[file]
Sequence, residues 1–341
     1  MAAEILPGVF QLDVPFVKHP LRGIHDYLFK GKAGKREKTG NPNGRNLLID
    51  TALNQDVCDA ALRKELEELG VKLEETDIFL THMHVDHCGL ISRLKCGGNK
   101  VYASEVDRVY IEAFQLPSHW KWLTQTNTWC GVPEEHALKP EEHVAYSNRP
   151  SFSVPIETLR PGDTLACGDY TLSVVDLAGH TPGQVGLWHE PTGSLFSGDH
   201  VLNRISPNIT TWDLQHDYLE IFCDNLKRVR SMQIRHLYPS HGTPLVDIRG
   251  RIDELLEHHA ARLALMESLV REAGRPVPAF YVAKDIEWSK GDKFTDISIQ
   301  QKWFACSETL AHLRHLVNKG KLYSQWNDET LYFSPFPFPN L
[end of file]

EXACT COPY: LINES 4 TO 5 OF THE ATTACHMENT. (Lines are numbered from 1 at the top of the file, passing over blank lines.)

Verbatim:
   101  VYASEVDRVY IEAFQLPSHW KWLTQTNTWC GVPEEHALKP EEHVAYSNRP
   151  SFSVPIETLR PGDTLACGDY TLSVVDLAGH TPGQVGLWHE PTGSLFSGDH